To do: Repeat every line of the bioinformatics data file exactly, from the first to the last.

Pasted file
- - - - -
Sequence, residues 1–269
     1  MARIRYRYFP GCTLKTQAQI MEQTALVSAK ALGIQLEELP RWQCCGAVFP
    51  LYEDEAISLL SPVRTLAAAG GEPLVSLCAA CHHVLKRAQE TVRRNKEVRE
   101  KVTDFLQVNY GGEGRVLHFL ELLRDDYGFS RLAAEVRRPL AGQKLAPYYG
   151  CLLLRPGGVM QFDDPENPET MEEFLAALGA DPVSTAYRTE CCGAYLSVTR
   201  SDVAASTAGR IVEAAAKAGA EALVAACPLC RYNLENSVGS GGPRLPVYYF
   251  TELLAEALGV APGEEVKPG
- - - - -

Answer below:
Sequence, residues 1–269
     1  MARIRYRYFP GCTLKTQAQI MEQTALVSAK ALGIQLEELP RWQCCGAVFP
    51  LYEDEAISLL SPVRTLAAAG GEPLVSLCAA CHHVLKRAQE TVRRNKEVRE
   101  KVTDFLQVNY GGEGRVLHFL ELLRDDYGFS RLAAEVRRPL AGQKLAPYYG
   151  CLLLRPGGVM QFDDPENPET MEEFLAALGA DPVSTAYRTE CCGAYLSVTR
   201  SDVAASTAGR IVEAAAKAGA EALVAACPLC RYNLENSVGS GGPRLPVYYF
   251  TELLAEALGV APGEEVKPG